Considering the reduction in airborne and alveolar particles, this study confirms former results that both treatments seem to be effective [12,13,16,17,18]. However, steaming might be preferred, due to the reduction or even avoidance of the waste water that poses environmental issues [18,50]. In the handling of horses suffering from equine asthma, it is further recommended not to let the soaked hay dry out, because the airborne particles might enter the hay [13]. Furthermore, our findings confirm that the storage of the soaked hay results in the proliferation of spoilage-indicating microorganisms, which also poses risks in terms of equine health.

5. Conclusions

In general, high-quality native hay is the recommended feed for horses and does not need to be treated. If only hygienically poor hay is available, or there is a relevant health predisposition in the horse (e.g., equine asthma), the soaking or steaming of hay might be helpful. This, however, needs to be considered in the context of any subsequent storage. Soaking hay reduces microbial cell counts, but a long storage duration in combination with warm temperatures amplifies the proliferation of spoilage-indicating molds and yeasts in the soaked hay. Steaming is very effective concerning the improvement in hygienic quality, and steamed hay is less susceptible to spoilage during storage. Soaking is thus only recommended if the treated hay is fed immediately. Soaking led to a higher reduction in water-soluble nutrients than steaming, which can be positive or negative, depending on the kind of nutrient and the health precondition of the horse in question. Dietary compensation (energy, amino acids, and minerals) might be required when soaked and, to a lesser extent, when steamed hay are fed, but this is difficult to implement in practice. The longer eating time and the higher chewing intensity for soaked hay compared to native or steamed hay had a positive impact on the dental and gastrointestinal health, but this might be biased by a reduced palatability of the latter.

Author Contributions

Conceptualization, M.G., M.B. and A.Z.; investigation, M.G. and M.B.; methodology, M.G., M.B., M.W.-D. and J.M.G.; supervision, A.Z.; visualization, M.G. and M.B.; writing—original draft, M.G., M.B., M.W.-D. and A.Z.; writing—review and editing, M.G., M.B., M.W.-D. and A.Z. All authors have read and agreed to the published version of the manuscript.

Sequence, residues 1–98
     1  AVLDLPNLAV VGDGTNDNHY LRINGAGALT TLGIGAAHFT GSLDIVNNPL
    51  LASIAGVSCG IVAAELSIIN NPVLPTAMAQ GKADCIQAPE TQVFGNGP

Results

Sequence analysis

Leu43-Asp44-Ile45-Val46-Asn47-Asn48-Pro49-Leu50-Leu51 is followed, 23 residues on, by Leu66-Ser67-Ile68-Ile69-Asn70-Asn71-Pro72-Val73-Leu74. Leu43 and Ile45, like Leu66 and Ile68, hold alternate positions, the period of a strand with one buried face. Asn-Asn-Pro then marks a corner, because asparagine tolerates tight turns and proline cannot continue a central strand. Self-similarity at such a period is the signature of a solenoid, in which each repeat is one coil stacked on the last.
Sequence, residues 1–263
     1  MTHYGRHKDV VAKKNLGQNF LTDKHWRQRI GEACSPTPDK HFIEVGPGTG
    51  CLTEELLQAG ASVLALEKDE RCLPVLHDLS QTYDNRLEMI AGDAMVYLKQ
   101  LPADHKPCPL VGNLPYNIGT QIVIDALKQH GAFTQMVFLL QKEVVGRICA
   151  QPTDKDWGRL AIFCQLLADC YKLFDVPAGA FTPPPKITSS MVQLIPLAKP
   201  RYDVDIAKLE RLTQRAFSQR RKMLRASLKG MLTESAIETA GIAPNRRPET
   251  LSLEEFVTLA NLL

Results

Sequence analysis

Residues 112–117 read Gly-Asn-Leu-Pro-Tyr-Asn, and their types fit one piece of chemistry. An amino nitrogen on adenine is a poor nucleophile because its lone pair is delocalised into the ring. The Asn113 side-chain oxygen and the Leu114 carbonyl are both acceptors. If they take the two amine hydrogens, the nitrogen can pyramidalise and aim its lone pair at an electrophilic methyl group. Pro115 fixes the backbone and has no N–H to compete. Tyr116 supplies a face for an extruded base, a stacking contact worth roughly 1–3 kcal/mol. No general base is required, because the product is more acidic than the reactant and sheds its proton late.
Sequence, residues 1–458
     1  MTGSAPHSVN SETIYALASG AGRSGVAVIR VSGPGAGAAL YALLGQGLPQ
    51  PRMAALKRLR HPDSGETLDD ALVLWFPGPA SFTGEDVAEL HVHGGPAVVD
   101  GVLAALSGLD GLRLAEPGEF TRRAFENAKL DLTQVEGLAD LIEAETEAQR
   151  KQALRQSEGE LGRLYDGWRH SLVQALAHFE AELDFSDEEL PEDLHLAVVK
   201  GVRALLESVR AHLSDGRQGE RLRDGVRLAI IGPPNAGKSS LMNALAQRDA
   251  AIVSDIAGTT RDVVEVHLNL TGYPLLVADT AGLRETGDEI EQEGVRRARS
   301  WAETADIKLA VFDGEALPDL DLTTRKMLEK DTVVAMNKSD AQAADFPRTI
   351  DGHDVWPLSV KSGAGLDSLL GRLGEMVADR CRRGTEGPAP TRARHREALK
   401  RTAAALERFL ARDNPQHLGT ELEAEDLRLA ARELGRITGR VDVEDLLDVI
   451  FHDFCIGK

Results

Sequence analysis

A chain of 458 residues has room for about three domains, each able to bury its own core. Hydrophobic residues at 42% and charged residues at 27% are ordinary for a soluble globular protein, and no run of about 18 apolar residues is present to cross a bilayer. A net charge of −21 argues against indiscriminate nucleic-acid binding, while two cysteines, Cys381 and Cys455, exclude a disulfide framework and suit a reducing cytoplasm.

This research received no external funding.

Institutional Review Board Statement

The experimental procedure was approved by the Animal Welfare Commissioner of the Martin Luther University Halle-Wittenberg and the state administration department in Halle/Saale in accordance with the German Animal Welfare Law (reference number: 42502-2-1593 MLU).

Data Availability Statement

All data are included in this article.

Conflicts of Interest

The authors declare no conflict of interest.


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Figure 1. Modified halter equipped with measuring instruments for the detection of chewing parameters.
Figure 1. Modified halter equipped with measuring instruments for the detection of chewing parameters.
Animals 11 02729 g001
Figure 2. Data sheet from chewing frequencies detected during hay intake. CC, chewing cycle; NAT, native hay; SOA, soaked hay; STE, steamed hay.
Figure 2. Data sheet from chewing frequencies detected during hay intake. CC, chewing cycle; NAT, native hay; SOA, soaked hay; STE, steamed hay.
Animals 11 02729 g002
Table 1. Classification of the microbial species to indicator groups *.
Table 1. Classification of the microbial species to indicator groups *.
GroupIndicator SpeciesClassificationBenchmark Native Hay (CFU/g)
1yellow bacteria germstypical microbial species30 × 106
Pseudomonas spp.